Congress passes bill to stop cut to Medicare docs

April 1, 2014 by Andrew Taylor
This Oct. 14, 2009 file photo shows Senate Finance Committee Chairman Sen. Ron Wyden, D-Ore. speaking on Capitol Hill in Washington. Congress is poised to give doctors who treat Medicare patients an 11th hour reprieve from a cut in their government fees. Monday's Senate vote would send legislation to repair Medicare's flawed payment formula for a year to President Barack Obama for his signature. It comes just hours before a midnight deadline Wyden promises to keep pressing ahead with a long-term solution, proposing to use savings from the troop drawdown in Afghanistan to pay the cost. Republicans and most budget experts say such savings are phony and are demanding at least some of the money to come from cuts to Obama's Affordable Care Act. (AP Photo/Charles Dharapak, File)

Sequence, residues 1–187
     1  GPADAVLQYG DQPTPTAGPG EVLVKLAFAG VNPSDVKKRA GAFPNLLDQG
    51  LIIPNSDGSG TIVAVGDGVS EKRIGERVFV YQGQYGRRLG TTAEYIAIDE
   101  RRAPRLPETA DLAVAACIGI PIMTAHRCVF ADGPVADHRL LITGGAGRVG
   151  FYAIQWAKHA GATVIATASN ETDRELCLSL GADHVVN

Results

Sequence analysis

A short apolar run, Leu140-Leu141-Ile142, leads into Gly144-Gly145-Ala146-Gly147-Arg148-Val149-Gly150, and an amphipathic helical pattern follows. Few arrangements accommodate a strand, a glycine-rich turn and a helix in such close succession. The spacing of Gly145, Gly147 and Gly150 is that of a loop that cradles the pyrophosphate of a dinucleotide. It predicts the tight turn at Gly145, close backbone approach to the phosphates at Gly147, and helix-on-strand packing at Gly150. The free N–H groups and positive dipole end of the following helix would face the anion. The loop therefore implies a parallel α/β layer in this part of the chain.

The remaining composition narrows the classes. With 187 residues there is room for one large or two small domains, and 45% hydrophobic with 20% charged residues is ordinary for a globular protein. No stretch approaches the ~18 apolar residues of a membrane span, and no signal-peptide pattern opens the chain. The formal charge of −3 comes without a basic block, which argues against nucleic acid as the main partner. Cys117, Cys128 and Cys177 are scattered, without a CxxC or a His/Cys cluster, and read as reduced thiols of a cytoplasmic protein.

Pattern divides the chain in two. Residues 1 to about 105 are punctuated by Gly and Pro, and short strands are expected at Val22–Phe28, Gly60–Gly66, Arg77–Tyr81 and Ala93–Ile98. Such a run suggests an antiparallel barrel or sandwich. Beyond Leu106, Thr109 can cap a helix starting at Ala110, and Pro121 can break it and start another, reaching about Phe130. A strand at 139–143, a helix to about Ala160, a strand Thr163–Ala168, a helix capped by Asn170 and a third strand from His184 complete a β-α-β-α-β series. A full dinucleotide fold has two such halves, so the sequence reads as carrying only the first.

With just hours to spare, Congress has stepped in to prevent doctors who treat Medicare patients from being hit with a 24 percent cut in their payments from the government.

The Senate's 64-35 vote sends a measure to delay the cuts for a year to President Barack Obama, who's expected to quickly sign it.

The $21 billion measure would stave off a 24 percent cut in Medicare reimbursements to doctors for a year and extend dozens of other expiring health care provisions such as higher payment rates for rural hospitals. The legislation is paid for by cuts to providers, but fully half of the cuts won't kick in for 10 years.

It's the seventeenth temporary "patch" to a broken payment formula that dates to 1997.

Explore further: Congress confronts Medicare cuts to doctors' fees

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